Finding my shovel and digging in

Clever Manka, · Categories: Manka's Posts

So. Best Lives! How’s everyone doing with that? Yeah. Me, too.

My inclination and ability to put together thoughts and essays for this site were already damaged by my general health for the past few months. The U.S. election results threw what was left of them completely out the window. It’s difficult enough to even consider topics but, once I find something that I might pull together into a cohesive essay, my brain shuts down. It felt like a physical switch flipping to OFF. I allowed despair to silence me.

My hopes of modifying my life (changing my job, working less, allowing my body the rest it needs) aren’t just on the back burner — they’ve been moved off the stove. I am not comfortable leaving a well-paying gig (before it’s eliminated from the state budget, anyway) when I fear a nation-wide financial crisis because our federal government will soon be modeling itself on my state’s disastrous tax policies. I might have ideals, but I’m still a realist.

I created this place in the spirit of living my best life, and it’s a good thing to be reminded that one’s best life isn’t always motivated or influenced solely by internal factors. The outside world has an enormous impact on the reality of structuring my best life. I have privilege as a white, non-disabled, cis person who can be taken for straight if I keep my mouth shut. I currently have a well-paying job. My partner is a white man with all the perks attached to that (in which I share significantly, thanks, hon). I cannot live my life in a vacuum, though, so it is necessary for me to revise my options for a Best Life.

I was already frustrated by the required patience of waiting on my body to respond to treatment. Then I was presented with the obstacle of how I can possibly live a Best Life under the circumstances of the current political climate. After a two-week-long pity party, I ran across this Open Letter to White Liberal Feminists.

By all means, use whatever mechanism you require to move through the stages of grief as you bury your false idol of faux feminist solidarity. You must now do the intensive work to heal your troubled soul. And after you have come to terms with your own guilt, embarrassment, and pain, I encourage you to run with your newfound perspective. There is a terrifyingly beautiful lineage of black resilience—seasoned by black suffering—that you might turn to for hope.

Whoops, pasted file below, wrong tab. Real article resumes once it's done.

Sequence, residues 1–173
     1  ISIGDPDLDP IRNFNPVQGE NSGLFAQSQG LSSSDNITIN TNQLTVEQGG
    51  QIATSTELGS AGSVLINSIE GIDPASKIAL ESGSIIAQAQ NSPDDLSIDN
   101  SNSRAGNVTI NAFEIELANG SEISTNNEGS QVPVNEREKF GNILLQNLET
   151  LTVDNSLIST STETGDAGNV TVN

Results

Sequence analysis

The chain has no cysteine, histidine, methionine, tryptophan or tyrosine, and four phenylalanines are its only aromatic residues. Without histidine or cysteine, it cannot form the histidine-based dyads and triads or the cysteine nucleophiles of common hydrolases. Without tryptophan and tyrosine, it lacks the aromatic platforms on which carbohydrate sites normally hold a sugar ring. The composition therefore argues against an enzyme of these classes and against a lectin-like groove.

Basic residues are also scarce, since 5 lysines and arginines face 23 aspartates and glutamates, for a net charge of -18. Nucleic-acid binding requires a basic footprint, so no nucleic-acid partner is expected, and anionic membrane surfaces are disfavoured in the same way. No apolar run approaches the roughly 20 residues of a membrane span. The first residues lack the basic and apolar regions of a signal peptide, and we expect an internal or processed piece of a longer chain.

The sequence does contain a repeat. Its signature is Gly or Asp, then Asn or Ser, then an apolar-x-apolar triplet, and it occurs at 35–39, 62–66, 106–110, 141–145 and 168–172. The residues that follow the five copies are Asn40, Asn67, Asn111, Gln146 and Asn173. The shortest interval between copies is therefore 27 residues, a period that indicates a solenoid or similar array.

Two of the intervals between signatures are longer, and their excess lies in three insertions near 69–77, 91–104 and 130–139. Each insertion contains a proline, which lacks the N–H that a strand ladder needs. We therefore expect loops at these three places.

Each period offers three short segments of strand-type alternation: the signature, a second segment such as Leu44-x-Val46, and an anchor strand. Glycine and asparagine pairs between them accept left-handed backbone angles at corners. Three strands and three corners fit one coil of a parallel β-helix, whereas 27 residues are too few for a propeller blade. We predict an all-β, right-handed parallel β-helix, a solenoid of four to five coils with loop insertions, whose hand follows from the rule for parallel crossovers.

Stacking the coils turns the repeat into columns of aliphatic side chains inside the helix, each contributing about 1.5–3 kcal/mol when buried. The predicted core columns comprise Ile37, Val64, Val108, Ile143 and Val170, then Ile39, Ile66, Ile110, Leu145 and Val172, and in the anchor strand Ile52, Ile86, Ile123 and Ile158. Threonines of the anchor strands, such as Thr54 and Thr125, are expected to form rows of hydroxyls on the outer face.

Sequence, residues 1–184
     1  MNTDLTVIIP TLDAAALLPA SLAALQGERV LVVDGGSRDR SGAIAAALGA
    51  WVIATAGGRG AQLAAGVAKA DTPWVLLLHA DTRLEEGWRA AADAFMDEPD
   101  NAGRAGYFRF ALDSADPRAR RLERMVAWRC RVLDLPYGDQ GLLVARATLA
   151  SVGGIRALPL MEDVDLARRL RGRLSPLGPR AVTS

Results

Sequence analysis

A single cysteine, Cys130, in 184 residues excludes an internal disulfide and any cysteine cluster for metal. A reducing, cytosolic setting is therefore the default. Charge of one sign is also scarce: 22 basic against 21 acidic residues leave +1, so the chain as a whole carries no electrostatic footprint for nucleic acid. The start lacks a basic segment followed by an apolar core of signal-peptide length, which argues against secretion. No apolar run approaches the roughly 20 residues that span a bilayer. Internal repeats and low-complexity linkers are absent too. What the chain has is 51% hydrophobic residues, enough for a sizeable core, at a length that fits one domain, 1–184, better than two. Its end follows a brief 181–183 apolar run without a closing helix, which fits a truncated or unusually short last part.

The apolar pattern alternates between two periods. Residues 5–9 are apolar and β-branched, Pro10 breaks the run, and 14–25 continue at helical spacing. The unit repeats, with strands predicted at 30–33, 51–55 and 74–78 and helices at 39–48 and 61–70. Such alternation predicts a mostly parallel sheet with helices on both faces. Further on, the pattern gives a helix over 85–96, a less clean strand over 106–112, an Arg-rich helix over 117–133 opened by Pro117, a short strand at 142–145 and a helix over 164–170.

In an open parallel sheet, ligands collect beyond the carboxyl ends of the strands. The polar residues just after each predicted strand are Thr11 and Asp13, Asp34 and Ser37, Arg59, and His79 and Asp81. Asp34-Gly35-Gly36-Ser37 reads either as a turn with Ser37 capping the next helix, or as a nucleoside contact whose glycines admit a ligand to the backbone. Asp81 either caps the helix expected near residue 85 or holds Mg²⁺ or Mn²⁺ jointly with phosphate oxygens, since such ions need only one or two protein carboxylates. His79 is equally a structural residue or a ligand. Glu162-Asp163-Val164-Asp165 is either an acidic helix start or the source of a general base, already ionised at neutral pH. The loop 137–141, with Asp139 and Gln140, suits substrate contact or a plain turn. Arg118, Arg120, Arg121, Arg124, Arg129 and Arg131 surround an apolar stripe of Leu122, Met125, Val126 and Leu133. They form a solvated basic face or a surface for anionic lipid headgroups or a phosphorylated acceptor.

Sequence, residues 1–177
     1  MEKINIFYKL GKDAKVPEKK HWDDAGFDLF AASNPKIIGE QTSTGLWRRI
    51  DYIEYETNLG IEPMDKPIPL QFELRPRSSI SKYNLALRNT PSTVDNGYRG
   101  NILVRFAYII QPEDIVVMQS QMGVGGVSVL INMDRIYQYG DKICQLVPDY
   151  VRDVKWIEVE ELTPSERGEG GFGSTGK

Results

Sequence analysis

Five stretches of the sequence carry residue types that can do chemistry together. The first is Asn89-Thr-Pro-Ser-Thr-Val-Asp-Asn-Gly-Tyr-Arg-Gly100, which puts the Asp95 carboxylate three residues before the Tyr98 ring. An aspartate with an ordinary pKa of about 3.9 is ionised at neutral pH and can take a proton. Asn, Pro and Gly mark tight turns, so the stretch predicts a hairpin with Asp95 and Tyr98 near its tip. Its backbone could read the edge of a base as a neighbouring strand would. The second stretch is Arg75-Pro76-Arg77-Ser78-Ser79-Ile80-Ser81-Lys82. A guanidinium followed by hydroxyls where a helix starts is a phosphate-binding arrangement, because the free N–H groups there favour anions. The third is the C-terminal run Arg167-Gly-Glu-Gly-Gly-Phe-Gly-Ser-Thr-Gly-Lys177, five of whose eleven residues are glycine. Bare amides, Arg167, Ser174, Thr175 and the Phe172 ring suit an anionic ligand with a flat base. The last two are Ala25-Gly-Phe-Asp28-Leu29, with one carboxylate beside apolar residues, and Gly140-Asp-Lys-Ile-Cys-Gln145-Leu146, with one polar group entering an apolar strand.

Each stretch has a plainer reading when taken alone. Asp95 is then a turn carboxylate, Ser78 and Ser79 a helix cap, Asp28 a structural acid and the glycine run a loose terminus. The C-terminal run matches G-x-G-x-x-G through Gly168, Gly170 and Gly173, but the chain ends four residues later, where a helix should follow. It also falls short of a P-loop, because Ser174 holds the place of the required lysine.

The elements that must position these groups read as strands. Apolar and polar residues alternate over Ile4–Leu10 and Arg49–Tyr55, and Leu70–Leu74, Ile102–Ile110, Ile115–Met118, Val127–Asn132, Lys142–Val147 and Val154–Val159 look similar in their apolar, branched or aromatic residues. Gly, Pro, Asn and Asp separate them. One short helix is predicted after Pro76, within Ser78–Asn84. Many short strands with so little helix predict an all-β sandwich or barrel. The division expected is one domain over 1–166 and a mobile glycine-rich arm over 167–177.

It helped me comprehend something I had only vaguely realized the day after the U.S. presidential election. I am feeling the sudden impact of this horrifying event because I’ve been sheltered. There are so many people who’ve been living an enormously oppressed existence their entire lives and have thrived, excelled, and overcome despite the system designed to kill them and their spirit. I am resolved to listen to them and learn from them. And I refuse to be incapacitated by despair.

Instead of allowing a vague notion of My Someday Best Life to motivate me, I am structuring my thoughts and actions on what I can do now. What can I do today, in spite of my physical limitations and emotional exhaustion?

I’m donating money to local groups, people, and places (exceptions are the ACLU, SPLC, Standing Rock Water Protectors, and Planned Parenthood). This is my alternative to the instinct of indulging in retail therapy (I did do a bit of that, too, though, with a giant bottle of only moderately-ridiculously-expensive vanilla because supposedly prices are going up soon and also fuck yeah Penzey’s). I’m also working with a local contact to find at least four disadvantaged teens who are interested in subscriptions to Teen Vogue because Teen Vogue has been tearing it the fuck up lately and if I can help spread that sort of journalism with a side dose of fashion, count me in.

I’ve been more aggressive about finding and posting  “how to help” stuff on Tumblr. The tag goes back to the early days of Ferguson, so there’s some outdated stuff near the end. I’ll be adding to it liberally (ha ha ha) in the coming months. It’s a small thing, and smacks of armchair activism, but sedentary activism is all I’ve got right now.